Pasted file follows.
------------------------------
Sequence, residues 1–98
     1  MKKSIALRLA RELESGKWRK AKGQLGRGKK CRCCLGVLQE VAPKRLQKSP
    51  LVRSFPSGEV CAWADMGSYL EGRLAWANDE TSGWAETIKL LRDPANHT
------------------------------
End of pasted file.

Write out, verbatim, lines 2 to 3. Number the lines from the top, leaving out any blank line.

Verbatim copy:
     1  MKKSIALRLA RELESGKWRK AKGQLGRGKK CRCCLGVLQE VAPKRLQKSP
    51  LVRSFPSGEV CAWADMGSYL EGRLAWANDE TSGWAETIKL LRDPANHT